In El Salvador, microfinance helped Bryan set up a t-shirt printing business from home. In an area heavily controlled by gangs, microfinance helped Bryan pursue a rewarding alternative to joining. Photo: Corey Scarrow
Many agree that microfinance is a valuable tool to help the poor, whether they are expanding a small business or surviving a food crisis. Microfinance can help people in need by:
• Helping them get started:
With a small loan, a savings account and some basic training, many farmers, fishers or entrepreneurs begin turning a profit. They can put money away, gaining interest. Many pay off their micro-loans quickly. As their income increases, borrowers can even hire another worker or two.
• Empowering women:
For decades, microfinance institutions have been a key driver for women’s empowerment. In 2018, 80 per cent of microfinance borrowers were women. Empowering women yields undeniable returns, for everyone in the community.
• Protection from “loan sharks”:
Around the world, families have traditionally turned to “loan sharks” or payday lending institutions when they’ve needed cash for business ventures, necessities or debt. Such lenders often have exorbitantly high interest rates. They can trap borrowers in a strangle-hold of debt.
• Building credit worthiness:
Through microfinance, borrowers can establish both collateral and a credit rating. When the time comes to expand the company and hire more workers, many business-owners are then ready for a bank loan.
• Facing emergencies:
With microfinance, families can rebound when emergencies strike. Consider a drought, in which farmers lose their crops and can’t purchase seed for the following year. With crop insurance, business loans and a savings account, they are better equipped to feed their families through the winter and plant again next year.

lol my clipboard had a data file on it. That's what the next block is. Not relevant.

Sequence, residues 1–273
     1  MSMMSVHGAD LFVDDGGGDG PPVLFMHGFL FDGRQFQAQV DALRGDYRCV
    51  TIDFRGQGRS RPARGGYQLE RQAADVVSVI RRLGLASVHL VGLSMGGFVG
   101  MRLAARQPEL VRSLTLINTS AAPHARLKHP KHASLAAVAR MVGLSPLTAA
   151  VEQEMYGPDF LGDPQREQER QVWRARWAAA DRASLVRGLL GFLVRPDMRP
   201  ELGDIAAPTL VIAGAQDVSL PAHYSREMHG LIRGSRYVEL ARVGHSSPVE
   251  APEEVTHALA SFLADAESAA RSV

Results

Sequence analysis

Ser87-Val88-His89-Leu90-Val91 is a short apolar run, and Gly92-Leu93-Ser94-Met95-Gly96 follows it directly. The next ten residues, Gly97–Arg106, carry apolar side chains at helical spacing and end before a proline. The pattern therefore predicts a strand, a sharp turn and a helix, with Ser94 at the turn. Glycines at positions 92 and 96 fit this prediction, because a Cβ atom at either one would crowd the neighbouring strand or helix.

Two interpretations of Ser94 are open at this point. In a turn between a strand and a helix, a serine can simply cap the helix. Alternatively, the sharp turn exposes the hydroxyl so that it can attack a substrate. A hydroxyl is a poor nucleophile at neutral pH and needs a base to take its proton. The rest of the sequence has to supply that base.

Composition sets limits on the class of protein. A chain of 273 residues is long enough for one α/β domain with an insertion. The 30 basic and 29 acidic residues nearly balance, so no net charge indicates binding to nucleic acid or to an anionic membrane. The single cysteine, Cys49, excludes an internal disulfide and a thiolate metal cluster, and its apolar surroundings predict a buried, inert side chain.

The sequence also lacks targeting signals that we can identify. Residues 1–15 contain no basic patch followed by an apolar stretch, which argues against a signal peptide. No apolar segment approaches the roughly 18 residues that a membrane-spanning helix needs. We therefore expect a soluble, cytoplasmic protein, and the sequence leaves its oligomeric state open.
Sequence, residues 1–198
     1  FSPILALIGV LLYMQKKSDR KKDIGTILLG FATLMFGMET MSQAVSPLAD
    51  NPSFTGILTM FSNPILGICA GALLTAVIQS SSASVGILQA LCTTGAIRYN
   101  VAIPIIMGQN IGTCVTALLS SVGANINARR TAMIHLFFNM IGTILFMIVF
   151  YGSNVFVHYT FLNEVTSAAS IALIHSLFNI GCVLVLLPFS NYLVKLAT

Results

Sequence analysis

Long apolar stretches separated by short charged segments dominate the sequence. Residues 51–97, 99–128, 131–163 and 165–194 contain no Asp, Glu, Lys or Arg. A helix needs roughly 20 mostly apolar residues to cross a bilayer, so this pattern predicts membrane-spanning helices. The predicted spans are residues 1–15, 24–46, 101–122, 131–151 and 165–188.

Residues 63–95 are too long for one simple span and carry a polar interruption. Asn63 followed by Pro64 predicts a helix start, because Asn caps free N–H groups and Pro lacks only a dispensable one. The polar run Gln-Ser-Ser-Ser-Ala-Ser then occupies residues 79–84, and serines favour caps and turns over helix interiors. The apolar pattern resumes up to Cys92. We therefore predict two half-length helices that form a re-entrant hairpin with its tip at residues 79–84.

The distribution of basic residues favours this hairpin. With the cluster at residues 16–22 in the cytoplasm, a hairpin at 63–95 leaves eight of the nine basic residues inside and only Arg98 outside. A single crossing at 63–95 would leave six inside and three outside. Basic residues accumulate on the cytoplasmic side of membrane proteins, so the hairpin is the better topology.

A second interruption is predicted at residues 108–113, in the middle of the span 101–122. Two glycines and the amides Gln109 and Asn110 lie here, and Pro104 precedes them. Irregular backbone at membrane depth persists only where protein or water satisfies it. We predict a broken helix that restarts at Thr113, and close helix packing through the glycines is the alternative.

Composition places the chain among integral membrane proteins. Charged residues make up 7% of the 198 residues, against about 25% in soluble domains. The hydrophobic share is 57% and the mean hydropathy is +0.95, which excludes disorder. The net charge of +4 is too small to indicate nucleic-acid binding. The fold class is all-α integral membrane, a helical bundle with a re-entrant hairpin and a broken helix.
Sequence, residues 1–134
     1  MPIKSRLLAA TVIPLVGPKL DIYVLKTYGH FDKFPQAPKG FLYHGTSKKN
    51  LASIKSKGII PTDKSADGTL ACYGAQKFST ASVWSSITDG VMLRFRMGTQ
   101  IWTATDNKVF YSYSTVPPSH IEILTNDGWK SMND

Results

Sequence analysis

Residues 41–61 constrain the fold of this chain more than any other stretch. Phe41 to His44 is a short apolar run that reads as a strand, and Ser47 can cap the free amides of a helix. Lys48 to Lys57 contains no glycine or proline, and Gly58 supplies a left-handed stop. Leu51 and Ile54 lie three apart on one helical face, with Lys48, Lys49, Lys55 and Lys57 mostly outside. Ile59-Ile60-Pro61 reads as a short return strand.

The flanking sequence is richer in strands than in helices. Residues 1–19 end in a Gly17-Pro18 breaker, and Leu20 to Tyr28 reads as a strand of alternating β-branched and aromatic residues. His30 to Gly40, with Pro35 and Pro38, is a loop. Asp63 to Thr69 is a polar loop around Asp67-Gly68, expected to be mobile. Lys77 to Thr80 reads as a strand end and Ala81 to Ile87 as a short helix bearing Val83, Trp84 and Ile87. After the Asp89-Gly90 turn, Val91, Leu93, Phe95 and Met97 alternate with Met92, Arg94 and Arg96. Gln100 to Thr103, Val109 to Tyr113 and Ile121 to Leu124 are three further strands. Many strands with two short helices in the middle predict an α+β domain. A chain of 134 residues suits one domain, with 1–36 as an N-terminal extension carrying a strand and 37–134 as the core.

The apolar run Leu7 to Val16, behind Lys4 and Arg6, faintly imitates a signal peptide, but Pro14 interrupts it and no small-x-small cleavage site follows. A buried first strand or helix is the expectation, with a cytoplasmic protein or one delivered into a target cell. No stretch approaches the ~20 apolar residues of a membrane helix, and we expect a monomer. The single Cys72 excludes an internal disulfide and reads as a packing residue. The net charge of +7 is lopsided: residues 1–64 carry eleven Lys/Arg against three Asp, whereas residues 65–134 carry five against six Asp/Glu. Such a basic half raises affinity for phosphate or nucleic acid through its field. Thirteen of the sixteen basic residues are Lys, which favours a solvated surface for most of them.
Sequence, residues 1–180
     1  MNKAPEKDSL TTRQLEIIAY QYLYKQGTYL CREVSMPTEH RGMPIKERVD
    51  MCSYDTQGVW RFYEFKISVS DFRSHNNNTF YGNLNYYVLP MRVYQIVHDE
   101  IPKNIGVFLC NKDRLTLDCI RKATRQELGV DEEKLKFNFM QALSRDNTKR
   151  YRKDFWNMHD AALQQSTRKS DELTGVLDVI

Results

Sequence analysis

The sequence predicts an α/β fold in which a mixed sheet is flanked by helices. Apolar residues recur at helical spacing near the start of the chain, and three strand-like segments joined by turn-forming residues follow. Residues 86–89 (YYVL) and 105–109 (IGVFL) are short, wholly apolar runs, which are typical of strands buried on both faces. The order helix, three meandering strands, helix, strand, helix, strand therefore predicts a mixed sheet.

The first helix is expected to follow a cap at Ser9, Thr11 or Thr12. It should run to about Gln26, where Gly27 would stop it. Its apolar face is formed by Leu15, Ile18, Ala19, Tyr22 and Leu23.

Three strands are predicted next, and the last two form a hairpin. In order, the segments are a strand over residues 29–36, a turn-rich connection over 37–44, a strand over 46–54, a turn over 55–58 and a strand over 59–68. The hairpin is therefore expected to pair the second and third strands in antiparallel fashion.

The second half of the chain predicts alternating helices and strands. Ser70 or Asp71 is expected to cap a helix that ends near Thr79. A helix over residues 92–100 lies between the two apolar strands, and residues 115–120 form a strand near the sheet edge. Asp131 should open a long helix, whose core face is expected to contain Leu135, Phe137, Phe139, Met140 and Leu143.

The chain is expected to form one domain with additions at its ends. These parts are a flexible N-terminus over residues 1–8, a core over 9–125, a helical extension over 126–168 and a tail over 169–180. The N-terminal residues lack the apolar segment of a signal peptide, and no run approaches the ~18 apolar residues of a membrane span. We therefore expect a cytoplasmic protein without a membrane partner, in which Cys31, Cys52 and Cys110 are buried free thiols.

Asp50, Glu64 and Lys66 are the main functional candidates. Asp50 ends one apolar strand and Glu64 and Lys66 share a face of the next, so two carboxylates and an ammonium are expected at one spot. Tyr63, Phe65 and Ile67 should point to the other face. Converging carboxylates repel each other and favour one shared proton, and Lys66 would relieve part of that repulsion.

5. How does microfinance empower women?
“Give a man a fish, he’ll eat for a day. Give a woman microcredit, she, her husband, her children, and her extended family will eat for a lifetime.” – Bono
In Sri Lanka, a particularly challenging dry season meant Dhammika could not pay her water bills. The pipeline was cut off. Thanks to microfinance, she was able to irrigate again and is looking forward to good income and repaying her loan. Photo: Megali Nanayakkara
Without financial inclusion, women lack the stepping stones to change their lives and those of their children. Yet globally, men are more likely than women to have access to traditional bank accounts – about 30 per cent more likely
, in Bangladesh, Pakistan and Turkey.
That’s where microfinance steps in. Many microfinance organizations have found that women tend to pay back loans more effectively than men. Women have dreams and ambitions, for themselves, for their businesses and for their families.
At the Grameen Bank, the world’s largest microfinance institution, more than 90 per cent of loan clients are women
. Many microfinance organizations make a point of partnering with female clients. This offers a great potential to bring about social change.